Tuesday will mark five years since Ariel Sharon’s involvement in the State of
Israel’s life came to an end.
From the of age 14 and until his last day
in the prime minister’s office – for 63 straight years – Sharon’s life story and
this country’s history were intertwined.
He left his mark on everything:
security, settlements, diplomacy and the political structure of the state. Few
leaders experienced as much popularity as he did.
Few leaders stood, as
he did, at the heart of sharp public criticism.
This is the fate of great
men. Their special personality allows them to shape the face of the nation they
lead. However, their willingness to make bold decisions makes them intensely
SINCE MY youth, I have closely followed Sharon. His wife
Lily and my mother Geula Cohen were close friends.
We visited their ranch
in the South many times. We celebrated Arik’s birthday on February 26, which
happens to be mine as well.
When I decided to take the path to public
life, reality placed us on opposite sides. Sharon, as minister of defense in
1982, was in charge of evacuating the Jewish communities in Sinai as part of the
peace agreement with Egypt. I, as head of the student body, barricaded myself
together with my colleagues at the top of the monument in Yamit to protest
against the uprooting of flourishing settlements there.
Later, our paths
rejoined, and I had the privilege of serving in Sharon’s first government as
minister of the environment, and in his second government as minister of
internal security and minister in charge of strategic and security relations
with the US.
Those were especially challenging and demanding years for
The outbreak of Palestinian violence after the failed
negotiations between Ehud Barak and Yasser Arafat at Camp David in 2000 claimed
a heavy toll in Israeli civilian casualties. Operation Defensive Shield, ordered
by Sharon after the horrific Park Hotel massacre in Netanya during the Passover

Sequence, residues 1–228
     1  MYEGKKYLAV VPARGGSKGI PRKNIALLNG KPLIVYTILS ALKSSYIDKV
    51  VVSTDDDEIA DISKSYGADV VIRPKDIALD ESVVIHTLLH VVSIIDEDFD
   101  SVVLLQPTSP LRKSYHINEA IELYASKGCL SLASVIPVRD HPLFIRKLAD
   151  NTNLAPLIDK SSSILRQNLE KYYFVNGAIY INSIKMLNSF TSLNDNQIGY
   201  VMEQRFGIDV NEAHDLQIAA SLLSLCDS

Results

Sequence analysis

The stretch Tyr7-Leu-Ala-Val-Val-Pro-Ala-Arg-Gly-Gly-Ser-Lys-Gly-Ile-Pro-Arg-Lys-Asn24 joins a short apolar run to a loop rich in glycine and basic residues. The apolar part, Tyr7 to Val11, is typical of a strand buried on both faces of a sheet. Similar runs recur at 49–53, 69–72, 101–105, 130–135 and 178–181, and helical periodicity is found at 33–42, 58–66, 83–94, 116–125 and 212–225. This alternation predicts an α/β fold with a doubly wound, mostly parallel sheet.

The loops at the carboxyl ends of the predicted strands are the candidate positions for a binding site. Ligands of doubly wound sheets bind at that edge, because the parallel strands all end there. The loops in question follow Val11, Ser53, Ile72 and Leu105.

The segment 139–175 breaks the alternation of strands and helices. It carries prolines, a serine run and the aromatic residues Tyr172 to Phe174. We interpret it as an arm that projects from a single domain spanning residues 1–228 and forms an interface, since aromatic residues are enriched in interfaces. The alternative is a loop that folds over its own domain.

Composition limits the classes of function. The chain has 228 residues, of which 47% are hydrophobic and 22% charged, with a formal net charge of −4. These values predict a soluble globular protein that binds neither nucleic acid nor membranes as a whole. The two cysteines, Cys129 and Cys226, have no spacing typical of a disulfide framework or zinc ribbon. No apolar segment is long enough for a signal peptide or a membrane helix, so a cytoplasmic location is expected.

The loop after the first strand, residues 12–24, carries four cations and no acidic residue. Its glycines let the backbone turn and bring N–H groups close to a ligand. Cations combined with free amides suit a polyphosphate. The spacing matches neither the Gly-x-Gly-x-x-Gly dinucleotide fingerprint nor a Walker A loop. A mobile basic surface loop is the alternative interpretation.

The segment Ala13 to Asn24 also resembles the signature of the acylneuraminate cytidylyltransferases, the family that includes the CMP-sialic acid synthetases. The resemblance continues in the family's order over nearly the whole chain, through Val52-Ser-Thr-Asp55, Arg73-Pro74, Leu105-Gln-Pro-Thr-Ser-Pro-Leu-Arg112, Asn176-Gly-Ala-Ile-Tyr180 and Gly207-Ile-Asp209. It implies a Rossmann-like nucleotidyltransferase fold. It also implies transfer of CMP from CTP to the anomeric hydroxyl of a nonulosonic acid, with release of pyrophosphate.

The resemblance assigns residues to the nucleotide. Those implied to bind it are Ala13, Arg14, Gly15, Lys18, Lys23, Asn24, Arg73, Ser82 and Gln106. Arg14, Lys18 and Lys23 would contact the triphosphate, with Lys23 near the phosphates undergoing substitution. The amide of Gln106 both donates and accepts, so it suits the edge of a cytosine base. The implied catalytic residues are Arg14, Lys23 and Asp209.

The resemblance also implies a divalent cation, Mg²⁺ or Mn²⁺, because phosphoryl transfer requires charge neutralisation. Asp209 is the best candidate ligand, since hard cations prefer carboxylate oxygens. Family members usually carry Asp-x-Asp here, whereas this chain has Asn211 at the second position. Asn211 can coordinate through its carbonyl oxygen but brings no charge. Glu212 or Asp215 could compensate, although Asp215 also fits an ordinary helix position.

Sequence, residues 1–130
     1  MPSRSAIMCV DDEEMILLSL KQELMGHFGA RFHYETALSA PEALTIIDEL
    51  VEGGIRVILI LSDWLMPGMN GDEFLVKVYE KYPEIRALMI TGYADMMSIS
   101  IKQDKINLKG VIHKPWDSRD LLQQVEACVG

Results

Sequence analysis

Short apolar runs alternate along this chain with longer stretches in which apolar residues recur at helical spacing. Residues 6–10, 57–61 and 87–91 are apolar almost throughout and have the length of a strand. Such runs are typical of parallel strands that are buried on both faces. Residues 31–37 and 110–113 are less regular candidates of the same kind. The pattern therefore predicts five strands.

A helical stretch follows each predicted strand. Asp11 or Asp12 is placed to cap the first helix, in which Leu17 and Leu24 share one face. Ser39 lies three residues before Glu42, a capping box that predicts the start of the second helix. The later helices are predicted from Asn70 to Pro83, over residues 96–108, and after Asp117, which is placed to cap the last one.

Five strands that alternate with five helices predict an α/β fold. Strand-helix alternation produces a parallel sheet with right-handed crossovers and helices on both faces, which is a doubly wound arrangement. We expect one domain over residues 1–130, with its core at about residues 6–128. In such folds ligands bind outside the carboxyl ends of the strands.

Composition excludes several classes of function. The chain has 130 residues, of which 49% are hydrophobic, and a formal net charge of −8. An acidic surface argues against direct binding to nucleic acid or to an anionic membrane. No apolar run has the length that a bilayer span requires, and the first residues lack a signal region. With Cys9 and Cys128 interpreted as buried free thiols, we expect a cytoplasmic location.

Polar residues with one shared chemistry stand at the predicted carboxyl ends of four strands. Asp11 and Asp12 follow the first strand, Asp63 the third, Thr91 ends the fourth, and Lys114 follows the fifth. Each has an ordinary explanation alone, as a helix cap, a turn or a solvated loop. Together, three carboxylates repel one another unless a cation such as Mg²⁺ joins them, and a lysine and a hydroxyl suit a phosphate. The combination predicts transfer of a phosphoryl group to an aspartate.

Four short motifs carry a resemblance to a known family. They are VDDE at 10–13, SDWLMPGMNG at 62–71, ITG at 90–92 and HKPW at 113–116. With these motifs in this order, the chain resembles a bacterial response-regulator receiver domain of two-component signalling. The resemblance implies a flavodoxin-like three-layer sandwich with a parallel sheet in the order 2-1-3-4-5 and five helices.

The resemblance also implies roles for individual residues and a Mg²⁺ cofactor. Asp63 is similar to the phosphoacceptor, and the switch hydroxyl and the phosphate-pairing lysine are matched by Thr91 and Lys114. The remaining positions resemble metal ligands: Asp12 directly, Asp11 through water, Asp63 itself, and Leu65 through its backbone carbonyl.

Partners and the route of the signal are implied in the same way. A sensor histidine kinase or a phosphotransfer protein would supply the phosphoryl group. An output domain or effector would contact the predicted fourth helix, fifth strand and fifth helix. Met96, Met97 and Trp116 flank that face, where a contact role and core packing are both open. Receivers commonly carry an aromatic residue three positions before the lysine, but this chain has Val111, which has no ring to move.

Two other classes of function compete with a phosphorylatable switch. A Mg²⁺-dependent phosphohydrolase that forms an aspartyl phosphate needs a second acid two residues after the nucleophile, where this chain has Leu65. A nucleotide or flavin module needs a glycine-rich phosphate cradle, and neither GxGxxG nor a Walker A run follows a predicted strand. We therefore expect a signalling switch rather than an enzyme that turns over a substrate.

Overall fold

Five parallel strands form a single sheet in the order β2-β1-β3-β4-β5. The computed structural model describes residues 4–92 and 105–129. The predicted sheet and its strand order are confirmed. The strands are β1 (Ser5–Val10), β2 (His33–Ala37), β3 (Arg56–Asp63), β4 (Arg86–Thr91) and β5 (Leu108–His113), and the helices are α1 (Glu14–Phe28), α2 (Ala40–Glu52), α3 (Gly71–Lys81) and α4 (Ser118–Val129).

Seder in 2002, represented the turning point in the fight back.
week, the Shin Bet (Israel Security Agency) published its yearly report, which
showed that 2010 saw the fewest terrorist attacks and the lowest number of
terror victims since 2000. This was not by chance. It is the direct result of
two dramatic decisions made by Sharon’s government: The decision to retake
control of all the Palestinian cities in Judea and Samaria, in which
sophisticated terror infrastructures had developed after the Oslo Accords and
from where suicide bombers were dispatched relentlessly into the heart of
Israel; and the decision to erect the security fence, to prevent terror groups
from operating freely within the country’s sovereign area.
combination of these two difficult decisions, in addition to the unique
expertise of the Shin Bet and the bravery of IDF soldiers, restored the quality
of life which had been taken from Israel’s citizens at the beginning of the
I COULD write a thick book about the fascinating years working
close to prime minister Sharon.
There was the morning he asked me to meet
him at his ranch and accompany him on a helicopter flight to Jerusalem so that
he could point out the multiple piles of dumped building materials that polluted
the landscape, and direct me, as environment minister, to prepare a national
plan to treat these eyesores that so infuriated him.
I could write about
his firm, unequivocal position on the Iranian nuclear program, which he
explained to me in great detail before I left for Washington to conduct the
strategic dialogue with the Bush administration.
I could write about his
uncompromising instructions to me, as interior minister, to reopen the Temple
Mount to visitors of all religions after the Palestinian Authority, at Arafat’s
behest, had for years not allowed a Jew to set foot on our religion’s holiest
I could write about the fierce arguments we had when I explained to
him that, despite the special bond that had developed between us over the years,
I would vote against his initiative to uproot Gush Katif communities as part of
the unilateral disengagement from the Gaza Strip.
It is not yet time to
share all the details of these and many more personal moments and national
events that I was privileged to experience with him. In the meantime, all I can
do is pray for a medical miracle that will improve his condition – and, mainly,
miss him, like very many Israelis who, for the fifth year now, feel the enormous
leadership void he left behind.
The writer is a former Kadima minister